Beta-parvin Mediates Adhesion Receptor Cross-Talk During Xenopus laevis Gastrulation
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Modulation of cell adhesion is essential to the cell rearrangements that characterize Xenopus gastrulation. The spatial and temporal regulation of cell movement requires a highly coordinated cross-talk between cadherin and integrin adhesion receptors. Beta-parvin is an integrin associated scaffolding protein consisting of two calponin homology (CH) domains. Xenopus beta-parvin is highly conserved being ~95% similar to mammalian orthologs. Beta-parvin is expressed in the blastocoel roof and dorsal marginal zone of the embryo during gastrulation, suggesting a potential role in morphogenesis. Over-expression of full-length beta-parvin has no effect on embryogenesis, however, over-expression of either CH domain causes a failure in gastrulation. When over-expressed the CH1 domain causes a failure in fibronectin (FN) matrix assembly, epiboly and convergent extension in vivo. CH1 domain over-expression also inhibits tissue separation (TS) and Brachet’s cleft formation. The CH1 domain of beta-parvin localizes to sites of cell-cell adhesion, and down-regulates C-cadherin adhesion through activation of Rac1, independent of receptor expression. Significantly, the CH1 domain can rescue convergent extension downstream of integrin ex vivo suggesting a role for beta-parvin in the integrin mediated control of cell intercalation. Over-expression of the CH2 domain also inhibits morphogenesis in a similar fashion as CH1. However, the CH2 domain localizes to sites of integrin adhesion and inhibits integrin function resulting in a loss of FN assembly. The CH2 domain binds ILK and inhibits integrin function. When over-expressed the CH2 domain promotes TS in the pre-involution mesoderm through the activation of Rho. While the CH1 domain inhibits TS through Rac and the CH2 domain promotes TS through Rho, full-length beta-parvin over-expression has no embryonic phenotype and its signaling properties appear to be intermediate between expression of either isolated CH domain. At the dorsal lip full-length beta-parvin shuttles between integrin in the pre-involution mesoderm and cell-cell adhesion sites in the post-involution mesoderm indicating it plays significant roles in the previously characterized integrin-cadherin cross talk. My research has defined novel roles for beta-parvin as a key player in the regulation of integrin-cadherin cross-talk during tissue morphogenesis.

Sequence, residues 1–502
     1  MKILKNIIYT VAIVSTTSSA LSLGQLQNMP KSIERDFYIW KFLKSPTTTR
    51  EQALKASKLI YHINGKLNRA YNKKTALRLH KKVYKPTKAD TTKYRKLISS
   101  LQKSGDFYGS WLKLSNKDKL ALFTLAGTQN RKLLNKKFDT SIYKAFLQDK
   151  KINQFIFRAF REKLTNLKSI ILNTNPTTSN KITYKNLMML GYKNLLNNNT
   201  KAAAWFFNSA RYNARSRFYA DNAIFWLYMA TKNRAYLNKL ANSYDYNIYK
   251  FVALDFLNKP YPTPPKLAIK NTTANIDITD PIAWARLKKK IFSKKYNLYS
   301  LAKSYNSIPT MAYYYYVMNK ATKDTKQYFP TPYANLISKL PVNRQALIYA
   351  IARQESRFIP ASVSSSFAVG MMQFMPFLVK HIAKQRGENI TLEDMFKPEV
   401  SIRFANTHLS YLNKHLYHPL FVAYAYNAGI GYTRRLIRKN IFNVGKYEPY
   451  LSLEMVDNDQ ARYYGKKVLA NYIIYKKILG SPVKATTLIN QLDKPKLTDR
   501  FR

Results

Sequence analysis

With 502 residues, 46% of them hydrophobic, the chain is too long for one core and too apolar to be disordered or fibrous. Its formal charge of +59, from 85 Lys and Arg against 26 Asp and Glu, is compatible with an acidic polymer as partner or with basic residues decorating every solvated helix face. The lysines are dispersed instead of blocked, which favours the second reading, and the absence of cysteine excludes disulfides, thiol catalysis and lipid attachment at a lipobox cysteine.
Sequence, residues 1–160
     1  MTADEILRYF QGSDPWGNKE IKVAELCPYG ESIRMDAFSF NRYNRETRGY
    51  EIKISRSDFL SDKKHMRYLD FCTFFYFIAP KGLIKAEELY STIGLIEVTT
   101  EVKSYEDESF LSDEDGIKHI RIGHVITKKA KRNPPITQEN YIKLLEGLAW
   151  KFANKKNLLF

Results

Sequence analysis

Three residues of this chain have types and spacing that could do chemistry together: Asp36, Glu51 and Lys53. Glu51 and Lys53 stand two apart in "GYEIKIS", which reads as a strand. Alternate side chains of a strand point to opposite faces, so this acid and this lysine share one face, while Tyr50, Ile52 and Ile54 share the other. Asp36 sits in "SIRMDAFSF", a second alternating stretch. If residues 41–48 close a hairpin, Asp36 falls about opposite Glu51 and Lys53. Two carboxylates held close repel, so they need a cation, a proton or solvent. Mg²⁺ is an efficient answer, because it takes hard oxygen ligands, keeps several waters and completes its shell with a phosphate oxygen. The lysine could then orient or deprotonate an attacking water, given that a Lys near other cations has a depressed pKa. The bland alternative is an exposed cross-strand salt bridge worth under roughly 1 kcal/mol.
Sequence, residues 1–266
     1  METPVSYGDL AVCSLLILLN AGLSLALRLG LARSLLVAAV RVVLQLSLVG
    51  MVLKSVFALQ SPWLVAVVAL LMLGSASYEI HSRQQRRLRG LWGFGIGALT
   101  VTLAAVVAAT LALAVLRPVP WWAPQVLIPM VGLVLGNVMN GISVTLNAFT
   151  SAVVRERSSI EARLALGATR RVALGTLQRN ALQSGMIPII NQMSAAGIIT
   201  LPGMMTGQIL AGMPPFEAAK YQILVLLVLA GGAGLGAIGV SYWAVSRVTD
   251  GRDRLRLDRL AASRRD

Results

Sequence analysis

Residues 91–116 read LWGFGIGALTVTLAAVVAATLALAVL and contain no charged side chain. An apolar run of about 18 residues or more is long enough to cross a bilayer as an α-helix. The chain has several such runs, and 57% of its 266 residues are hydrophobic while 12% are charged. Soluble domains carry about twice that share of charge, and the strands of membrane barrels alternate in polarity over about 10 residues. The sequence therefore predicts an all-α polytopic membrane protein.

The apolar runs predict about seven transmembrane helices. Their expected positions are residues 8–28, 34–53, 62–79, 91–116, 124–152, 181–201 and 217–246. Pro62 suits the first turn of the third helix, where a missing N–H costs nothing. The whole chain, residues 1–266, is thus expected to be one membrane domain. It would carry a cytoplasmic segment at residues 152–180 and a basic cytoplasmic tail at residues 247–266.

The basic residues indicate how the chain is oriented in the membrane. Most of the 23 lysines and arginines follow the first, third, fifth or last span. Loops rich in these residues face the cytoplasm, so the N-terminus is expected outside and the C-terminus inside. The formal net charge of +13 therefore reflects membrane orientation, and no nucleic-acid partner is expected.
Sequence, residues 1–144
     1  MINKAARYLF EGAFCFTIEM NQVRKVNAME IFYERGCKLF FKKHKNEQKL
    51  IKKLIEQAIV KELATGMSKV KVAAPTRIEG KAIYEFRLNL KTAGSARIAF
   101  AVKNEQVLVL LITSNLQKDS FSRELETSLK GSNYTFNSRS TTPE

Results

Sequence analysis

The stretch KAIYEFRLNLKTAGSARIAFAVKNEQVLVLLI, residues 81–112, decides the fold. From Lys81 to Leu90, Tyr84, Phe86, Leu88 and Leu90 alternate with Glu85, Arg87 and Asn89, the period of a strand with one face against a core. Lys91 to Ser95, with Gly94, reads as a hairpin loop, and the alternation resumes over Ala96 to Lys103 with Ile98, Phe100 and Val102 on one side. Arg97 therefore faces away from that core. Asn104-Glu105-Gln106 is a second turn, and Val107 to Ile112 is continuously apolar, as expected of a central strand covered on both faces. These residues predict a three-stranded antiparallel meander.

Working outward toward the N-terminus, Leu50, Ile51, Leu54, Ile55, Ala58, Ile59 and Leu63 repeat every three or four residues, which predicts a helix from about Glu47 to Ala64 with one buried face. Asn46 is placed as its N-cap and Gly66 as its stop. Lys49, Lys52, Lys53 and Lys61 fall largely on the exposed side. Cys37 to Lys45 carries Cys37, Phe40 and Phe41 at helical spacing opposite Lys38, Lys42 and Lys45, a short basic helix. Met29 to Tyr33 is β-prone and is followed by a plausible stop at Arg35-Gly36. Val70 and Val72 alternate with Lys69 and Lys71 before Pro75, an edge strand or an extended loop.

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Catherine Studholme (2013). Beta-parvin Mediates Adhesion Receptor Cross-Talk During Xenopus laevis Gastrulation. UWSpace. http://hdl.handle.net/10012/7969